It doesn’t all need to be Pinterest perfect. I made no airplane-themed snacks. I printed off not one worksheet. But I allowed him to guide the play. It was pretty amazing!

4. Inflate the Life Rafts
Always have an escape plan. Whether one parent needs a break from the chaos or your child himself needs a quiet place to take a breath, have a route planned. For us, it might be renting a movie, taking a bike ride, or going to the skate park. Nothing fancy here.

Be sure you have a backup plan for yourself, too. I cannot speak on this enough. Parents need to take care of themselves if we are meant to have anything left to give to our kiddos. If your children are home for two weeks from school, be sure at least once a week, each parent (or caregiver) has a scheduled “time-off”. Go shopping, run at the park, get your nails done, take a nap, go have a beer or a coffee. Whatever your poison, pick it and take time to breathe. Your entire family will thank you for it!

5. Stock the Ship
A mom who enters the grocery store with a cart full of children will, undoubtedly, leave with a migraine. Don’t do this to yourself. Already have snacks and juice boxes stocked. If you couldn’t get to it, Click List that mess! It is worth the $5 service fee to your favorite local grocery store to pay a teenager to do the shopping for you so all you have to do is open the back of the van. Just whatever you do, feed the hungry bears. No child is a happy child on an empty stomach (and neither am I).

Girl, when I say I am always prepared, Boy Scouts can back it up! I have a proverbial mini bar of granola bars, cheddar bunnies, fruit snacks, and juice boxes at the ready in the van, in the diaper bag, and sometimes in my purse. This mama don’t play! When all else fails, throw some chocolate at them. Don’t be ashamed, honey. We’ve all been there.

6. Dress For the Part
One of my favorite memories as a child was playing dress up (even if that meant forcing my little brother to wear my mom’s dresses and makeup against his will). Our kids thrive on this kind of free play and they get a little something extra when we are willing to be silly with them.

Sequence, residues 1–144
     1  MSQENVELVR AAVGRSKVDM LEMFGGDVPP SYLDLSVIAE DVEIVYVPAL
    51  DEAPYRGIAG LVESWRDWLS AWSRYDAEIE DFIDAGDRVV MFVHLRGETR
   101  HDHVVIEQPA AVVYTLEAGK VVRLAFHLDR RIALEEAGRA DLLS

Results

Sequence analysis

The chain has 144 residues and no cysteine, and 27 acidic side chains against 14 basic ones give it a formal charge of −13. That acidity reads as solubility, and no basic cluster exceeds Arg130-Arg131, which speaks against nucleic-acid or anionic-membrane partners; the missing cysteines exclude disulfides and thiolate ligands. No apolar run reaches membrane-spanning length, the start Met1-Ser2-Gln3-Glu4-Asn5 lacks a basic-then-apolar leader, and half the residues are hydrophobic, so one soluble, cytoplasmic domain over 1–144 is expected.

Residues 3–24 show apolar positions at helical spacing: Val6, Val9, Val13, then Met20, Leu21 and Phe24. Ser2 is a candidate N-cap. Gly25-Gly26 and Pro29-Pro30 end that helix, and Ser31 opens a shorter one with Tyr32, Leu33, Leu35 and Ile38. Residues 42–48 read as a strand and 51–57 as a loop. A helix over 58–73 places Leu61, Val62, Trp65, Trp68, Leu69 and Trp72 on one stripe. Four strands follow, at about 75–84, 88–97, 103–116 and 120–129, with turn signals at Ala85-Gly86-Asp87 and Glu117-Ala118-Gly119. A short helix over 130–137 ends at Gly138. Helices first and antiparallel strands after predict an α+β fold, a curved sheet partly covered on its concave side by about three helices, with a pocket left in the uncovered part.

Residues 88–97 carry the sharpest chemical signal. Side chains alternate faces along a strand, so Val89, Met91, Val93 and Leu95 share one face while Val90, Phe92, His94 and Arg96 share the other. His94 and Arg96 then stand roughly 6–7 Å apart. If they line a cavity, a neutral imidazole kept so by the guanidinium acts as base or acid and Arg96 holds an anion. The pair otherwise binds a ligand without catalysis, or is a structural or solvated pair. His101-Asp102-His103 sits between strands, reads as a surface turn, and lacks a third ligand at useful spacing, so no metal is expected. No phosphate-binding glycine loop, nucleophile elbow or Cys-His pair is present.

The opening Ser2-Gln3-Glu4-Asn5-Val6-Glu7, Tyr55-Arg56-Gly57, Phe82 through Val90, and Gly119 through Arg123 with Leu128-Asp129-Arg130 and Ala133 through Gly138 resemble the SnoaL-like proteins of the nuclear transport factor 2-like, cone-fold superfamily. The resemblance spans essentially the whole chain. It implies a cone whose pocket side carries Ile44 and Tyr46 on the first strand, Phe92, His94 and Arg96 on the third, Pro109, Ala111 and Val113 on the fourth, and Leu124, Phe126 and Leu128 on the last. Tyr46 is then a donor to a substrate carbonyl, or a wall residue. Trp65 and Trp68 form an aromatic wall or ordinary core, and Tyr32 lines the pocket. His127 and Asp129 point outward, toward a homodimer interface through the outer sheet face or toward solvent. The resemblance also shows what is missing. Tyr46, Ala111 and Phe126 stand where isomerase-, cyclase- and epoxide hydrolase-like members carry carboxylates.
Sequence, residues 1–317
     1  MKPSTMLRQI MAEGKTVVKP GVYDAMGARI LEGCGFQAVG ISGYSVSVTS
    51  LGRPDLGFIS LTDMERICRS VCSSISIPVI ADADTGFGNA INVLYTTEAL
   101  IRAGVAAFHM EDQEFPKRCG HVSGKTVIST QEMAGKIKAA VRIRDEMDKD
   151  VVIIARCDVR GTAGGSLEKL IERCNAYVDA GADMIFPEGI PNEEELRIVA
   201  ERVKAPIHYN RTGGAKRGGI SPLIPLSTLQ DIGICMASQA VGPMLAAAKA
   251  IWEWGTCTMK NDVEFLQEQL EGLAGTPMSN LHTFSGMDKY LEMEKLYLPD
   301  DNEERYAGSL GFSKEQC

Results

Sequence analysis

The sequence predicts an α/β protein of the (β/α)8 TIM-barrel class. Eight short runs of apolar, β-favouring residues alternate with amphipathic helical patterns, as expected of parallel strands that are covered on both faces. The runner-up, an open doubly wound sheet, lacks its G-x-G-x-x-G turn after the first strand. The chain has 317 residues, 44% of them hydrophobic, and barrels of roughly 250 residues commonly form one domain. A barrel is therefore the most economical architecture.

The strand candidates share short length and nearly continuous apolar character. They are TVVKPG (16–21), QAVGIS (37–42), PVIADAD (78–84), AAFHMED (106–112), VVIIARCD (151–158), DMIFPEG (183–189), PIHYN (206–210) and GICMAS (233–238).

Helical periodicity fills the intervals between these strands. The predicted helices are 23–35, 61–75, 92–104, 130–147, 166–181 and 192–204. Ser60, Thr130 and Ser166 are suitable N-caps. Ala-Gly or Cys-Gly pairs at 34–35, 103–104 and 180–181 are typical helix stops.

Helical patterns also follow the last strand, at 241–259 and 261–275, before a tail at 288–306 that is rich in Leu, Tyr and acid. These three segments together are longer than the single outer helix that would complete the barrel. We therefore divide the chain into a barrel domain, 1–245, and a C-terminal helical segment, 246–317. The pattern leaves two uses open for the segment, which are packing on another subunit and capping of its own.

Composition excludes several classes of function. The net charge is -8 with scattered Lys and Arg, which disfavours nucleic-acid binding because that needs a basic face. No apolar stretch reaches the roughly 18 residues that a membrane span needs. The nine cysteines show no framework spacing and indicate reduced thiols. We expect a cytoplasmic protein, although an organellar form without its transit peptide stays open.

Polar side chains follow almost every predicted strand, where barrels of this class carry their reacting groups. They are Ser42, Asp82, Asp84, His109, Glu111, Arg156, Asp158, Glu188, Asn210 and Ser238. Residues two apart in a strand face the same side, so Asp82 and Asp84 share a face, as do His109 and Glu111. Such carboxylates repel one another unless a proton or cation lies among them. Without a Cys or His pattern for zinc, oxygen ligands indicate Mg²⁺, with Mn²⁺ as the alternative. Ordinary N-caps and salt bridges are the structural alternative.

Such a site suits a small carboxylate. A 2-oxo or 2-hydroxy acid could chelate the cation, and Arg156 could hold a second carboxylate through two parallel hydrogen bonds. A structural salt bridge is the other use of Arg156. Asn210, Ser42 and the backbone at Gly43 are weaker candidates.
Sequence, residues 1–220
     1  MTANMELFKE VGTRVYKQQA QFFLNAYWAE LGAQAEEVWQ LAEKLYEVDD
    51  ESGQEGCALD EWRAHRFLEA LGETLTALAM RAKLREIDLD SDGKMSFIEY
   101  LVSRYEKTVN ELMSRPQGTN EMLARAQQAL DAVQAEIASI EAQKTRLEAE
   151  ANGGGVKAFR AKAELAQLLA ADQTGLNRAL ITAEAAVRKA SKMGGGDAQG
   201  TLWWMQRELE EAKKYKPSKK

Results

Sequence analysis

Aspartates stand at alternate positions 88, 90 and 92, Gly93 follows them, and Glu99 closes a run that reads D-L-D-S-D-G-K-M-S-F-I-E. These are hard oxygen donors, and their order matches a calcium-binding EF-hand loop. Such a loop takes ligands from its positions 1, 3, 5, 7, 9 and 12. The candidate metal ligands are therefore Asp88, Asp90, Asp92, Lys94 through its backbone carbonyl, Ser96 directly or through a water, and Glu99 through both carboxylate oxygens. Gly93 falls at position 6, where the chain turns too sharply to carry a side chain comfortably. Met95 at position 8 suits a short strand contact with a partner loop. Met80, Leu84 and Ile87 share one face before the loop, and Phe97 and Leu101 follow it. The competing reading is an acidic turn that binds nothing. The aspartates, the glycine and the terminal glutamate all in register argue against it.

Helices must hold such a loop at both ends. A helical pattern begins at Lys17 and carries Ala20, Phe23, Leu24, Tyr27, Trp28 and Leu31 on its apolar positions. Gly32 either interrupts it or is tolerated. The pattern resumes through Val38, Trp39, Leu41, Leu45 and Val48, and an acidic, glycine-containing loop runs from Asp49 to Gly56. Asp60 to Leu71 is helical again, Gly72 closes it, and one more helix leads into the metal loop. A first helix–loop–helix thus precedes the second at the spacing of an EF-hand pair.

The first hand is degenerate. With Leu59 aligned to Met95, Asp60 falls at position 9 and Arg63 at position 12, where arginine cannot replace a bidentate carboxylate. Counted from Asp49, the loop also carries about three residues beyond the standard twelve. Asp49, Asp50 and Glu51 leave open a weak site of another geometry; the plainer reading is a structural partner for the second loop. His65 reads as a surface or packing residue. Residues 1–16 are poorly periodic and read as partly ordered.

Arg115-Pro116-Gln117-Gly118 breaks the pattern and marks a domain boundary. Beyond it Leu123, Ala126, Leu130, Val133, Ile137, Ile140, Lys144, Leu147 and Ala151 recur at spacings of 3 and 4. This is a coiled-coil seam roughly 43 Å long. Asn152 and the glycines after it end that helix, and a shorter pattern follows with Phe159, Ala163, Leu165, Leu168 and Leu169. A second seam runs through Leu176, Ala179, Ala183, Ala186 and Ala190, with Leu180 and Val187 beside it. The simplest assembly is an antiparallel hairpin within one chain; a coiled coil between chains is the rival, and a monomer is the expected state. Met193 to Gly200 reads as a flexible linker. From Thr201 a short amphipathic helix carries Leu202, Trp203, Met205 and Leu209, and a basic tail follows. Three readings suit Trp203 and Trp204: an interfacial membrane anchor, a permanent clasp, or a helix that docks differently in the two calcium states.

We are a big dance party household, so crank up the tunes, wear funny hats, and get down together! The kids will get out some energy, you can log steps for cardio, and they will be ready for naps by lunchtime. You can thank me later.

7. Stay the Course
Discouragement is the number one killer of all best laid parenting plans. No one smart said that, but I fully believe it. When I feel like I have something really great in store (whether for my own kids or in my classroom) and it just falls flat or it finishes quicker than I had prepared, I cannot let that stop me. Stay the course.

It is best to be flexible and to always have a backup plan. Don’t rely on good weather or good attitudes because neither are predictable. Have plenty of options and be ready to change plans if necessary. This is coming from a complete Type A control freak, but I have had to learn to loosen up. Everyone has more fun this way.

8. Don’t Always Play Captain
I do love to be in charge. However, it is pretty incredible what can come out of a situation when I allow others to take the reigns . . . even (gasp) my kids! Let your kiddos plan your meal, make dinner, or choose the movie. Allow them to pick the game you play or decide when you leave for the store. Trust me, everything will still be there when you are done.

I have had to learn from that evil snow witch, Elsa, but letting things go has never been so freeing. This is how I discovered my husband was physically capable of preparing a meal. It wasn’t that he wasn’t willing. I had just never let him try!

Ladies, you are killing it. Our kids are hard. Behavior concerns muddy the waters, but we’ve got this. We are strong and capable (and when we aren’t, that’s why we have our tribe). Should you not have one, email me. I am always looking to expand my teepee!

About the author

Brynn Burger

I am a wife, a mother, a teacher, a friend, a writer, a lover of all things outdoors, and sometimes a shell of my former self. Parenting a child with behavior disabilities has become both my prison and my passion. I write so I can breathe. This is my therapy. I hope that my violent vulnerability and use of humor will help you to power through this with me. It is the only way I know.